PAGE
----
A huge issue I had with Outlast was that there were too many jump scares to the point where they got so formulaic that I began to predict them almost effortlessly. Outlast II still has jump scares, but it’s much more restrained in how it employs them. It better paces it’s scares, there’s more moments where you’ll be dreading what will be around each corner, behind each door. There’ll be moments where you expect jump scares and there won’t be, the whole process of mentally psyching yourself up proving to be more draining than what a simple jump scare might be. The style of Outlast II’s scares just feel better designed.Outlast2-Screen-CrucBeing a game where ritualistic murder and pregnancy plays a rather large part in the way the story plays out, you can imagine Outlast II plays with some pretty heavy themes. It would be both hard and outside of the scope of this review to discuss whether the content in Outlast II is gratuitous or not. Though this much is certain; the themes and the elements you’re presented with in Outlast II are done so in such a blunt way that you really don’t feel like Red Barrels held back in any capacity.Outlast II’s content is confronting, and it quite easily earns it’s R18+ rating.

Blake’s journey to reunite and escape with his wife will take most players between ten and twelve hours to finish depending on how well you evade your captors and how much you explore. Those looking to expand their experience will probably miss some collectibles along the way. These are usually notes relating to the scripture of the sect you’re running from or video diaries of Blake’s own thoughts. I recommend seeking them out as best you can, as they’ll not only lengthen the experience for you but also better flesh out Outlast II’s terrifying world.Outlast2-Screen-BloodR18Outlast II is a great looking game too, and while it’s bound to have a constrained budget compared to more mass market titles, it’s a huge improvement over the original game. There’s great variety in the environments you’ll find yourself in and the atmosphere is as tense as ever. There’s clearly more attention to detail here, as unlike the first game most enemies appear to be designed individually rather than repeating the same four or five throughout.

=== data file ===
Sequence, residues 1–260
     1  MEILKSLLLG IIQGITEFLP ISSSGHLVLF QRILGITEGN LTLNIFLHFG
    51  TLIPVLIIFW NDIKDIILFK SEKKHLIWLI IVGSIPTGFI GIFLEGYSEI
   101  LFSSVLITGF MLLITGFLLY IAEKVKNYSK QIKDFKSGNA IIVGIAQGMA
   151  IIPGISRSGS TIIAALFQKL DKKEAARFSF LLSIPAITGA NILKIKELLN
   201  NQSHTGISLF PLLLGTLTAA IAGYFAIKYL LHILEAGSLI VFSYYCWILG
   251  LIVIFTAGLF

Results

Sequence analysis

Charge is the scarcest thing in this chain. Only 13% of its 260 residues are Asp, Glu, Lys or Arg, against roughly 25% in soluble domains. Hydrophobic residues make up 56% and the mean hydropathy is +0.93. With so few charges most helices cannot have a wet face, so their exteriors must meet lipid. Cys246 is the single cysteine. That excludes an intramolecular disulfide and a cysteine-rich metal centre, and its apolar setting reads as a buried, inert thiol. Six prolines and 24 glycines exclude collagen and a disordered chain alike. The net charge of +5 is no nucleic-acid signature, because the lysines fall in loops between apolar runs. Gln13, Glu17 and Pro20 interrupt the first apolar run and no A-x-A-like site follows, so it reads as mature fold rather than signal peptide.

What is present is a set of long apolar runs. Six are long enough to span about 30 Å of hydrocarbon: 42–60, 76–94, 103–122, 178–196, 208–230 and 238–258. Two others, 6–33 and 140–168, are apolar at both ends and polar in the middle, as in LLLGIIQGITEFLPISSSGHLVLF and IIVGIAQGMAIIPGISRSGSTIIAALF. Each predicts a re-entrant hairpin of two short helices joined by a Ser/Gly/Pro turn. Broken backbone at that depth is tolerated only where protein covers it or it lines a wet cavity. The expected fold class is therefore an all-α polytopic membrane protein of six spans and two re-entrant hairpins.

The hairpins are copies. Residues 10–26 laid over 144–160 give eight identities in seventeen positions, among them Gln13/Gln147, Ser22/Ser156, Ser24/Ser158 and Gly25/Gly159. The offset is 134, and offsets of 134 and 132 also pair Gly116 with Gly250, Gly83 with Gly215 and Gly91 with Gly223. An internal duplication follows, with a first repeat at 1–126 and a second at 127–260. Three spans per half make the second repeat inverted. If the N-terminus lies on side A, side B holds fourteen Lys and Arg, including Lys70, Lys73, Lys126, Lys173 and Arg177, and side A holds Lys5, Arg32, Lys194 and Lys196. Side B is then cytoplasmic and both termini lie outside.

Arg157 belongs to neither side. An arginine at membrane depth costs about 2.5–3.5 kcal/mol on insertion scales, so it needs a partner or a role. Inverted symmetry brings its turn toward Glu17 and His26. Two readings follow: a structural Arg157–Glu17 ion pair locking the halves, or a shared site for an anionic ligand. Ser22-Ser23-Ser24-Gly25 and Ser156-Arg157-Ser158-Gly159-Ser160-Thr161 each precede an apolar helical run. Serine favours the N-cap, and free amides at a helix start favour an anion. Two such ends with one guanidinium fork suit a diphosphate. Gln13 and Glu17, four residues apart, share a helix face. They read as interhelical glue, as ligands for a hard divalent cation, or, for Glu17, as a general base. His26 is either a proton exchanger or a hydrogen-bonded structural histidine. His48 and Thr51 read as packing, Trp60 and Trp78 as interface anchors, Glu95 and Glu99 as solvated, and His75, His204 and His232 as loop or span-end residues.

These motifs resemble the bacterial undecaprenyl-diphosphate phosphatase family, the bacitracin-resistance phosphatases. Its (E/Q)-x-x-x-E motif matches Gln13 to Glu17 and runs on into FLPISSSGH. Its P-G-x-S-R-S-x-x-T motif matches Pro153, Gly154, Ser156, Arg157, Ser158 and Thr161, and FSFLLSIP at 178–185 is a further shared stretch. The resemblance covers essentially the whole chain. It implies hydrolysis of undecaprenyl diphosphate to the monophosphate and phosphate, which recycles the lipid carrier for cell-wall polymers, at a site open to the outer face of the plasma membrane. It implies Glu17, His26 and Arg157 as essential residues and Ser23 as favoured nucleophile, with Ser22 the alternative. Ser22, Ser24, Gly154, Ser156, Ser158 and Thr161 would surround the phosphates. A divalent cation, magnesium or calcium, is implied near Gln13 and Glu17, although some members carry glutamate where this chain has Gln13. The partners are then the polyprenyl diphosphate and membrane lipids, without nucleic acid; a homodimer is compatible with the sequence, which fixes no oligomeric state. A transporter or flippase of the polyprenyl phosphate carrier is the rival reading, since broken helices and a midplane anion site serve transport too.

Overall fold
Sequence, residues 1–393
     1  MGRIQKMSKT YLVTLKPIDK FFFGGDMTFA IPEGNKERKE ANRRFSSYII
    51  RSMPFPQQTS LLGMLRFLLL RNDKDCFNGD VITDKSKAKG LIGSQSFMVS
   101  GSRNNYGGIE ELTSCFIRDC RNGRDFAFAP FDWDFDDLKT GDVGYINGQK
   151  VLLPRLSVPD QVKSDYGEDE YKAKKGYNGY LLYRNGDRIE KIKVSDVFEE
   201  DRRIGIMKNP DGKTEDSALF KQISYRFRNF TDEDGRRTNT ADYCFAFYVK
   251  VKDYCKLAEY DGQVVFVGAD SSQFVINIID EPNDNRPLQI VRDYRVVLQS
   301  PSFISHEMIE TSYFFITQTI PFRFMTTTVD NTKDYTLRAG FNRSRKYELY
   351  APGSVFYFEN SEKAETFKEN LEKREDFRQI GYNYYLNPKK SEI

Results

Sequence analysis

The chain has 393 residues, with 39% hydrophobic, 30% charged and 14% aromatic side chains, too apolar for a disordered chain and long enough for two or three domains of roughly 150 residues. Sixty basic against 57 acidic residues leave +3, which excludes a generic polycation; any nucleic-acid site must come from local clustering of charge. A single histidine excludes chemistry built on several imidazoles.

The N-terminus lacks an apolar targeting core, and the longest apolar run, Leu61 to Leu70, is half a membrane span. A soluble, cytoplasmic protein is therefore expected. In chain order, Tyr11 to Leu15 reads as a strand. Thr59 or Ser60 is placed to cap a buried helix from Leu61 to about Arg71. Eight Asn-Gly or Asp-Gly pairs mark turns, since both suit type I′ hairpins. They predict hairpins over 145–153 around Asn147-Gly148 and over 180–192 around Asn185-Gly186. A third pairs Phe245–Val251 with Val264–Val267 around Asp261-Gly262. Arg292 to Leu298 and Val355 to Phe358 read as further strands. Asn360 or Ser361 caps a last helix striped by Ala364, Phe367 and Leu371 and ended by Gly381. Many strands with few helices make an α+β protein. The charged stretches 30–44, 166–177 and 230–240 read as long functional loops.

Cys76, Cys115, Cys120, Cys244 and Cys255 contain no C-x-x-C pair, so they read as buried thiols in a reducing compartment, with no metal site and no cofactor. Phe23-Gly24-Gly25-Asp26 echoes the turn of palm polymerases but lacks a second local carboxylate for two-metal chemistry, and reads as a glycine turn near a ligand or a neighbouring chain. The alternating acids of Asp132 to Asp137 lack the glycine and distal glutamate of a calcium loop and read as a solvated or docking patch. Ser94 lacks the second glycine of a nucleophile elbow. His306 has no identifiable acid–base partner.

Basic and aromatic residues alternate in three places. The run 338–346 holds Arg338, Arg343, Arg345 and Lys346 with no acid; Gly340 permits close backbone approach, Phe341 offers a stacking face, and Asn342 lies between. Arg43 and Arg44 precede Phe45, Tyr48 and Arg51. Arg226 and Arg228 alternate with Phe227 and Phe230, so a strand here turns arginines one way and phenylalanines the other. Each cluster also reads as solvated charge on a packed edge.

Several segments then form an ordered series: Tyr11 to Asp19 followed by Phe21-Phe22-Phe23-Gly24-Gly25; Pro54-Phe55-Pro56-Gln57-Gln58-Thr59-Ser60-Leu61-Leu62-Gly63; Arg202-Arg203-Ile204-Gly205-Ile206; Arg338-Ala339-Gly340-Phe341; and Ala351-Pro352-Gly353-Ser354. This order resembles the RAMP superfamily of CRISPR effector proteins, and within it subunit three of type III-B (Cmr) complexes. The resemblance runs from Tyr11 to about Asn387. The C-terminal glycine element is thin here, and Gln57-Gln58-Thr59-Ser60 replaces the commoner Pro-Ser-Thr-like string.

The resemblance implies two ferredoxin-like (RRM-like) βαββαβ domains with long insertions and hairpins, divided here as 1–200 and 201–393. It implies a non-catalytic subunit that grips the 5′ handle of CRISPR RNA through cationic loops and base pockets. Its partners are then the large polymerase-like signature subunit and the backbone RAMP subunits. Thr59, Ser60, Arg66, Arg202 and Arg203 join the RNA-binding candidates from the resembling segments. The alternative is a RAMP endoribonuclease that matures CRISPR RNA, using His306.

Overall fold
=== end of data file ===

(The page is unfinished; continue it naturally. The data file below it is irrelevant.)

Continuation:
But it’s the gore-laden details that complete Outlast II’s look. You’ll find human remains, horrifically mutilated bodies, crushed viscera and the like throughout the region you’re exploring. It’s visually intense, but it enables Outlast II to instil a great sense of dread in players, scaring them to progress further or inviting you to stare at the unnatural displays of gore and violence yet at the same time wanting to look away.


Outlast II is a marked improvement over the original Outlast in almost every way. It’s still scary, yet utilises smarter designed scares to keep the tension high from beginning to end. The story is bound to be controversial, given the themes it tackles, but will easily demand and keep your attention from beginning to end. First person indie horror as a genre has lost its vision over the years, but Outlast II firmly stands tall as one of the best examples. It’s absolutely terrifying and a staunch improvement over the original.

The Xbox One version of this game was played for the purpose of this review. You can read our review policy HERE.

Outlast II is available digitally separately or at retail as part of the Outlast Trinity package, which includes Outlast, Outlast: Whistleblower and Outlast II. You can check out our older reviews of the original Outlast, as well as the downloadable expansion Whistleblower by the same author.

The Verdict
Alluring Storyline
Improved Pacing Of Scares
Eerie Locale
Smarter Enemies
Some Very Gory Visuals
Open Ended Story May Disappoint